Nate Mendel (bassist, Foo Fighters): It was kind of a milestone for us, because it ended up being the last time William Goldsmith, our first drummer, played with the band. It was our first time in Madison Square Garden, first time we met Bowie, first time that we probably played a stage anywhere near that big. We were about halfway through the recording of The Colour And The Shape, so it was pulling us out of the studio, going to New York, meeting a legend and just having all these firsts. It was pretty monumental. We were excited to be there.
Reeves Gabrels: My job was to teach all of the guests the songs, or make sure that they knew the songs, or at least make sure they knew what songs they were expected to know when they showed up. So I had been in touch with everybody. Robert Smith and I were faxing back and forth and calling, and he was sending me chord diagrams for The Last Thing You Should Do and Quicksand because he wanted to make sure he had the chord voicings correct.
Nate Mendel: I don’t recall exactly how the songs we ended up playing came down. I assume, based on where we were at the time, that it was probably more of an assignment; they weren’t gonna ask the Foo Fighters what they wanted to play!
Reeves Gabrels: We had two days of runthrough rehearsals. Robert Smith was the last one that I actually got together with. It was pretty obvious he had done his homework.
Mike Garson (pianist): The guest artists all grew up listening to David, right? So he’s the king. And these guys are future kings and princes, but they were all a little nervous, all very flattered to be there. It was all very respectful and very uncompetitive, almost like: “We’re a team, let’s make this a great show.”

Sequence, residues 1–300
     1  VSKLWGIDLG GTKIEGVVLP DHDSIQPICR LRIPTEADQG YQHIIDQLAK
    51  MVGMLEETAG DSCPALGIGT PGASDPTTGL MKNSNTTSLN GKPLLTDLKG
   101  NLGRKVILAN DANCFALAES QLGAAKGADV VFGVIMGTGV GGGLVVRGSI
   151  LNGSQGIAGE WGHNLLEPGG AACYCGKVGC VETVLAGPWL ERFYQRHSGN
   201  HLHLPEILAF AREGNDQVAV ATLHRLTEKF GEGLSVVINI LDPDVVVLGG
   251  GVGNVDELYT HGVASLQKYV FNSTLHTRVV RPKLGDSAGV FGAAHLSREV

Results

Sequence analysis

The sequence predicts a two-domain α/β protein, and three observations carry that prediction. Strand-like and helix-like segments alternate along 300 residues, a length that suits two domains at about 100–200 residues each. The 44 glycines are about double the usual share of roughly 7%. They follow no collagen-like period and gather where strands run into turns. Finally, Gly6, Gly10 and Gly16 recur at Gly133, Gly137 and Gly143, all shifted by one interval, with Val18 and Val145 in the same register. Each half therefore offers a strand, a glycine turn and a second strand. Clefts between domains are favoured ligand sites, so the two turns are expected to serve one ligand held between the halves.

Reeves Gabrels: The only thing that was odd to me was that Billy Corgan couldn’t make it for the run-throughs. He did show up for sound-check on the day of show, but the night before, his guy called me and he wanted to know if we could change the key on All The Young Dudes. And I was like: “Yeah – if we’d talked about it a week earlier.”
Mike Garson: Frank Black was great. He epitomised cool. Just did his thing and walked off.
Reeves Gabrels: The day that Frank Black showed up to rehearsals, David had said to me: “I’m not going to sing every verse or every song.” He wanted to save his voice for the show. So we start playing Scary Monsters (And Super Creeps), and Frank Black takes the first verse and just destroys it in the best possible way. Before the first chorus is done, David is out at his mic to sing the next verse. I think it was a little bit of wanting to join the pre-party party, but also a little competitive in the best possible sense.
Mike Garson: Everybody had done their homework. Any of those singers could have sung the song without him. They knew the words and they were ready to go.
Nate Mendel: In comparison to what we would do now, which is listen to a song on an iPhone in a car on the way to whatever we’re going to do, we’d rehearsed a bit. We were doing Hallo Spaceboy, and we came in having prepped a little.
Tim Pope: I remember watching David and Robert Smith performing together for the first time, and Bowie said: “Oh, Smith and Jones back together again!” David also said to me: “Madonna is probably coming. But we won’t know until the night.”
Reeves Gabrels: We didn’t know if Madonna was going to show. Or Courtney Love. The idea of Madonna singing The Jean Genie didn’t really connect for me. That’s just my opinion, of course. But Madonna didn’t make it, and Courtney didn’t show up.
Tim Pope: One day Bowie said to me: “Oh, Lou’s coming in today.”
Reeves Gabrels: Everyone was kind of intimidated by Lou Reed. Not David. But all of us youngsters were like: “Don’t piss off dad!” Lou was kind of surly. Not ridiculous, just a little New York grumpy. I had to sit with Lou and teach him Queen Bitch. So we’re playing it, and he keeps doing this one chord that’s not right. I’d written the chord changes down, and I said to him: “There’s one chord there that you’re having trouble with?”